Through the years, a number of expletive-laden comments have been made about statistics. After all, not many people have fond memories of their college statistics classes. I can hardly blame them.
Today, though, I am not ashamed to stand and confess, “Statistics is my friend.” Why? In times when a researcher gets so mired in the details as to lose sight of the goal, impartial numbers can serve as encouragement. After all, a number doesn’t bend to make me happy, or tell me lies (contrary to a certain popular quote). A number is a number is a number. And right now, I need some numbers to help me see that I am, indeed, making progress.
It’s the task I’m bogging down in that’s gotten to me: trying to sort through the generations of all the descendants of my Taliaferro line. I’ve gone back to the beginning of the 1700s to start with Richard Taliaferro. From there, I’m wending my way through the descendant lines of each of Richard and Rose Berryman Taliaferro’s thirteen—at least—children.
Last time I talked about this, I had been working on the lines of their son, Dr. John Taliaferro. That was nine days ago.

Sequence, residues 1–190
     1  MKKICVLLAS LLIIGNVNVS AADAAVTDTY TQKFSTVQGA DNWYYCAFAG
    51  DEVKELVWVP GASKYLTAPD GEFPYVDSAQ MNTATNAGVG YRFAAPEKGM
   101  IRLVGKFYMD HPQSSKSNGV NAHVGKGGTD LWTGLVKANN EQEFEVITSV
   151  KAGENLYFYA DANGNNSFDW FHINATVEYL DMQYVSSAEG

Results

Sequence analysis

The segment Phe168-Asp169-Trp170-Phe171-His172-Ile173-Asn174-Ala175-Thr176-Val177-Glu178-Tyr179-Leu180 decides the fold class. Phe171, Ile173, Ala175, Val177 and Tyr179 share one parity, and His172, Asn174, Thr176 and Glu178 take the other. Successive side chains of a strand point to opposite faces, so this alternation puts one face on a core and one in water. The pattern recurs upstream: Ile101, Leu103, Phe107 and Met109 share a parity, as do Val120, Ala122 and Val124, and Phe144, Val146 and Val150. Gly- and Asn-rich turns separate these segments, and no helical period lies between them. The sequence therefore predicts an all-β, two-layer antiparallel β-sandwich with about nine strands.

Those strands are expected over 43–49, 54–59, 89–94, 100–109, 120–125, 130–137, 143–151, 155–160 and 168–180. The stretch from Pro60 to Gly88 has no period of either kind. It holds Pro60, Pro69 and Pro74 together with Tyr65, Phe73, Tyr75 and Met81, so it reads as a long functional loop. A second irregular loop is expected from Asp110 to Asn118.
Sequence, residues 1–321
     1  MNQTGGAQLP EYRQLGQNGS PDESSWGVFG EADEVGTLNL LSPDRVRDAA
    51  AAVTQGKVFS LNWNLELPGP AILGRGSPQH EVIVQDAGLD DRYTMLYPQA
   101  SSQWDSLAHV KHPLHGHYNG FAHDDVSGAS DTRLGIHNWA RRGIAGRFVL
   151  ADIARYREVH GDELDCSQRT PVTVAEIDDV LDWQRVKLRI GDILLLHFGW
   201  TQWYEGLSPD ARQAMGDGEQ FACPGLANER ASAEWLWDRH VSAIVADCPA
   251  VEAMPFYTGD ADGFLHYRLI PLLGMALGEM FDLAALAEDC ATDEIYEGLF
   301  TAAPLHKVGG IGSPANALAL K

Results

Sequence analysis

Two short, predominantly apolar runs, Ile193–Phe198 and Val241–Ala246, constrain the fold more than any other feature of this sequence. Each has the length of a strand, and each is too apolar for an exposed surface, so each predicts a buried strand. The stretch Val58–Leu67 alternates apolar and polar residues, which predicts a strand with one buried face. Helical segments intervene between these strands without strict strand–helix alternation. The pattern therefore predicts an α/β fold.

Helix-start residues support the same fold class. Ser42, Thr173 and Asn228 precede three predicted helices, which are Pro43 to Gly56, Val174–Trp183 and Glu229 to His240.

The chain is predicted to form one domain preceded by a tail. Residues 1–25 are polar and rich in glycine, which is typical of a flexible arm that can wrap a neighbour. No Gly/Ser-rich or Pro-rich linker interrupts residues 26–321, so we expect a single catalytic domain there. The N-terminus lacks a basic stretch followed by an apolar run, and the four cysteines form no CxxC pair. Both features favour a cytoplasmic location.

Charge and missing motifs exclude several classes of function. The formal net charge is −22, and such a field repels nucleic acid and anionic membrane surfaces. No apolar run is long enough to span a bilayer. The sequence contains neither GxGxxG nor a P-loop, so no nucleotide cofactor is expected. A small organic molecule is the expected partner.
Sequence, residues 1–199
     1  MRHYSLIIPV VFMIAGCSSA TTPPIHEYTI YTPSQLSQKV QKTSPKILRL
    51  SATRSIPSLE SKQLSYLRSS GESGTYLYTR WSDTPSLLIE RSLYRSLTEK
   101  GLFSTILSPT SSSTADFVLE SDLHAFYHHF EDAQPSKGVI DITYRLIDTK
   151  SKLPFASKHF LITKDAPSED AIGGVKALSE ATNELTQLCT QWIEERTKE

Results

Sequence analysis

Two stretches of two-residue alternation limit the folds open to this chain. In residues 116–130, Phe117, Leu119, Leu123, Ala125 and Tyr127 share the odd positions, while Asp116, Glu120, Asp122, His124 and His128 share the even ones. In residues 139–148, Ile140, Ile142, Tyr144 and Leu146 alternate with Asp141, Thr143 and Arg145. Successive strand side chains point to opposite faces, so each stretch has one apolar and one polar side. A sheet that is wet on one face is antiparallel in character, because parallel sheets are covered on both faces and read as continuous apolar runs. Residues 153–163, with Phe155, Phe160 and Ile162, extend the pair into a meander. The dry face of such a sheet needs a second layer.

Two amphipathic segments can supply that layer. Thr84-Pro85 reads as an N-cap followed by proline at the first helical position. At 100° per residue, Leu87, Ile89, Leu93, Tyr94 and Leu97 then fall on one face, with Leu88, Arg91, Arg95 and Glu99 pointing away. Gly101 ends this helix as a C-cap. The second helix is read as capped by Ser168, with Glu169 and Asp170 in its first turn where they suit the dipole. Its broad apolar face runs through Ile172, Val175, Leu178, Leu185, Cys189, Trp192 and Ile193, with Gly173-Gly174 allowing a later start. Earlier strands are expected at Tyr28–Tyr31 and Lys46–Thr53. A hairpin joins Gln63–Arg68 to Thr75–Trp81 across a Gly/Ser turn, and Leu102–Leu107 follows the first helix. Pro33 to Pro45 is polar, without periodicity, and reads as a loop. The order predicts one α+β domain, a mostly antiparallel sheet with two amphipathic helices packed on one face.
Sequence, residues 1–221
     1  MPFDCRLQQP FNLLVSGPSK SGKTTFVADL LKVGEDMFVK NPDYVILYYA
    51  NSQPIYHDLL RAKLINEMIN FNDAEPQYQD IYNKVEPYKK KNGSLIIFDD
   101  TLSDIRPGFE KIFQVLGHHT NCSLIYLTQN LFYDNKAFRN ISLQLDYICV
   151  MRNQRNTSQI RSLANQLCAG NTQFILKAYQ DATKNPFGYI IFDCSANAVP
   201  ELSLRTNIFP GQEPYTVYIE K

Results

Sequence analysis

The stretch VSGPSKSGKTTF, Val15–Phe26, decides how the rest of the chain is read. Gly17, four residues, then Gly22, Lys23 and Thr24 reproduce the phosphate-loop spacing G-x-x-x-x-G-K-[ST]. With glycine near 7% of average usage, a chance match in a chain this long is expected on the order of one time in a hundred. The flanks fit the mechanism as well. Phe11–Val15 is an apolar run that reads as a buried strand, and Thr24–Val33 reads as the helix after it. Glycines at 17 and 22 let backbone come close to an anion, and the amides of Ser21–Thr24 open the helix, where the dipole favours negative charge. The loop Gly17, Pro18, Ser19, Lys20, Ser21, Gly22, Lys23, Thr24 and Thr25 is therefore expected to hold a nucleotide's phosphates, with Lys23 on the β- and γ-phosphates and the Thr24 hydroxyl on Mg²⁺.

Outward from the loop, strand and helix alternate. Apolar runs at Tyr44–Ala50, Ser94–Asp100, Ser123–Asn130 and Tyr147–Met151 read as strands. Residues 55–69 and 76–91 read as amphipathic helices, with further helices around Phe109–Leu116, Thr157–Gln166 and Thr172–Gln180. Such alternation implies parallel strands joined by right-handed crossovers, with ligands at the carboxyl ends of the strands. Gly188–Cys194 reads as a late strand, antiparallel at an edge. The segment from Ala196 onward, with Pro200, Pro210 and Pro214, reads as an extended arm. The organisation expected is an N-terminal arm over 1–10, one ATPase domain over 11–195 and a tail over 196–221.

I’m still working on that same line. Did I make any progress at all?
It doesn’t feel like it.
That, you see, is why I need to employ some numbers. Think of this as my Cheering-Up Party. Statistics are for celebrating.
Turns out, all that hard work did get me somewhere. Last time I looked, I had less than fourteen hundred people in my family tree database. I am now up to almost nineteen hundred. Over five hundred entries in nine days isn’t bad. No wonder it felt so tedious!
Meanwhile, over at Family Tree DNA, where my autosomal DNA “Family Finder” test results await my return, the match tally is racing me. Last time I looked, I had seven hundred fifty matches. Now, there are seven hundred sixty seven.
Unfortunately, I haven’t been able to add any more of those matches to my confirmed relationships count. There is so much yet to learn about those ancestors seven generations back—and beyond.
When you find yourself doing a lot of work, yet having precious little to show for the effort, it is statistics that can shine the light on your progress. Yes, I’ve been swamped under the data dump from endless pages of old genealogies. But sometimes, it helps to stop what you are doing and come up for air. Keeping a count of the mile markers passed, the surnames aggregated, the records collected helps.